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  • The Patient Self-Determination Act
  • Elizabeth Leibold McCloskey (bio)

What are the ethics of extending the length of life? We know that we cannot artificially end life (Thou Shalt not Kill), but how about artificially extending life? Is that always good, sometimes good? . . . In ethics, is keeping people alive the highest good? Should our priority be to keep people breathing? . . . What does basic religious ethics say about this?

(John C. Danforth, letter to the author, 19 August 1989)

The Patient Self-Determination Act, signed into law as part of the Omnibus Budget Reconciliation Act of 1990 (OBRA '90) last November, marks the first time that Congress has passed legislation concerning the ethics of life-sustaining medical treatment. The bill was spearheaded by Senator John C. Danforth (RMO), who has a special interest in this area. An Episcopal priest, Danforth was formerly an assistant chaplain at New York's Memorial Sloan-Kettering Cancer Center and now sits as a senior member of the Senate Finance Committee, which oversees Medicare and Medicaid. Although Senator Danforth's legislative initiative was not a result of the Cruzan case, it was in his state of Missouri that the U.S. Supreme Court case involving removal of Nancy Cruzan's feeding tube arose (Cruzan v. Director of Missouri Department of Health, U.S. Supreme Court, 58 LW 4916, 26 June 1990). From his unique vantage point, he felt it was time to craft a legislative response to some of the difficult issues surrounding prolongation of life.

The short answer to Senator Danforth's questions about when to artificially extend life is simple enough: people must be free to determine that for themselves. Common law and common sense dictate such a conclusion; living will and health care proxy statutes, enacted in almost every state, codify that right. The Catholic moral tradition teaches that one is not morally obligated to use extraordinary means to prolong life, a tradition shared both by the mainline Protestant and the reform and conservative Jewish community. Yet most people are unaware of their fundamental legal right to make such decisions, and as court cases from Quinlan (In re Quinlin, 137 N.J. Super. 227, 1975) to Cruzan demonstrate, few know [End Page 163] how to make arrangements for this right to be exercised if they become incapacitated.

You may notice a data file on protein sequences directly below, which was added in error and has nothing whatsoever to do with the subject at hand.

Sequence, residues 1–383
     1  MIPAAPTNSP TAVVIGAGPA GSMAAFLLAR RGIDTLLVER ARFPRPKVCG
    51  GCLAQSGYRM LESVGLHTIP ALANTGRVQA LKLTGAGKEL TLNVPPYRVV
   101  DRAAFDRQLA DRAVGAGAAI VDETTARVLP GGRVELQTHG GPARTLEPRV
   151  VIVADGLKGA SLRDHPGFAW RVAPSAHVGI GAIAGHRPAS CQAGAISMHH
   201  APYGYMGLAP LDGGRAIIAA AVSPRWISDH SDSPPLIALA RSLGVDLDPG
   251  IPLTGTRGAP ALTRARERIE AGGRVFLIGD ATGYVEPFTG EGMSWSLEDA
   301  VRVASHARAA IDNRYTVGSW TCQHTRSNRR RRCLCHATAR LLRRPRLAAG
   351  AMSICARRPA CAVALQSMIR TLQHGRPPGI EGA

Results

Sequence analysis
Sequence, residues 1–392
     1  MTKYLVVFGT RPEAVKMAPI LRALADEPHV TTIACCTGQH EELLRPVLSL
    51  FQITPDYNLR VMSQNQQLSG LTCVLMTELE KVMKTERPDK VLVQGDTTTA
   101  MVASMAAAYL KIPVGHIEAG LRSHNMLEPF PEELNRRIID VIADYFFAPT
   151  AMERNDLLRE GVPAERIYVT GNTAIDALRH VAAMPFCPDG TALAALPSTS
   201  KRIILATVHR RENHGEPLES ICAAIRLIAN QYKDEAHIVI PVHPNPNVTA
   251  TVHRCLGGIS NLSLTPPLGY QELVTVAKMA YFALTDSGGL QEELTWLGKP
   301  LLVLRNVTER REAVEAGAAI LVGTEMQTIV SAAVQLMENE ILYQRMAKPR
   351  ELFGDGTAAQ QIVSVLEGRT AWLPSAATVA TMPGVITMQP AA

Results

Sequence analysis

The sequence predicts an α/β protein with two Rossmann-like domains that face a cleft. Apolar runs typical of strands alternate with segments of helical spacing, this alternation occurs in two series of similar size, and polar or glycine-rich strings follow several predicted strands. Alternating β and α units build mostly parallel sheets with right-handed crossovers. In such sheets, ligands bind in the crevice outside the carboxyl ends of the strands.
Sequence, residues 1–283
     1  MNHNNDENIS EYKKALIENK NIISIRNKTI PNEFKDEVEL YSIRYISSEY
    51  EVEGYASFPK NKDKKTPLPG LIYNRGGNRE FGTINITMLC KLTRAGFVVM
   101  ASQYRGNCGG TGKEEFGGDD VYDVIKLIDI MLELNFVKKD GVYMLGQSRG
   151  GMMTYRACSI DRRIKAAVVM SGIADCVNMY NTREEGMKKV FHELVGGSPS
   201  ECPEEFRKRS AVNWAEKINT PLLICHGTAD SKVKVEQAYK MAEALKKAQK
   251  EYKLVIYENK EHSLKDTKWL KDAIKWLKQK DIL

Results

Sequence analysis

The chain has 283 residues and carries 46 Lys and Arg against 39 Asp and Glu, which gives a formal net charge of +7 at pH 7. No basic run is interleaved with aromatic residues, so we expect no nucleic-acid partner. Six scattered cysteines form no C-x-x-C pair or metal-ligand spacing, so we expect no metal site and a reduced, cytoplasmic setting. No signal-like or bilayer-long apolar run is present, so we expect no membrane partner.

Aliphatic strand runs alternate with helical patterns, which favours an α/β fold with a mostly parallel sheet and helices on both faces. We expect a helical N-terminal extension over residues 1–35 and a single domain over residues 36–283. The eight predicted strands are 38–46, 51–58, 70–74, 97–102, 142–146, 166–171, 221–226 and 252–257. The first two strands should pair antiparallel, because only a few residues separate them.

Meanwhile, health care practices are often driven by a denial of death. When Senator Danforth and Senator Daniel Patrick Moynihan (D-NY) introduced the bill on October 17, 1989, Senator Danforth said:

More and more it is arguable that we play God by subjecting people to unwanted and sometimes unnecessary treatment, treatment that unnaturally prolongs the dying process. Our health care system has become obsessed with extending life, at times neglecting the caring component of medicine and trampling on the rights of patients.

(Congressional Record 1989, 135:5.13566)

The American Hospital Association estimates that 70 percent of deaths now occur after a determination to withhold or withdraw medical treatment. Many of those decisions are made without the benefit of an incapacitated patient's views, yet a Harvard study revealed that 95 percent of the population would like to prepare in advance for such decisions. Only 4 percent of hospitals have a systematic method of asking patients if they have an advance directive. Family members confront painful choices in the face of uncertainty about their loved one's wishes and it can be even more painful when a family knows the patient's desires but providers and the courts act otherwise because clear evidence is lacking.

The Patient Self-Determination Act is rooted in the belief that people should be given information that enables them to specify the extent of medical treatment they wish to receive should they become incapacitated. The public should be educated about applicable state laws that protect the individual's right to make such choices through the use of an advance directive.

The Act moves toward that goal by promoting knowledge of state laws. It requires every hospital, nursing home, home health agency, hospice, and health maintenance organization that participates in Medicaid or Medicare to routinely give all adult patients information about advance directives. Patients will also be given information on the...


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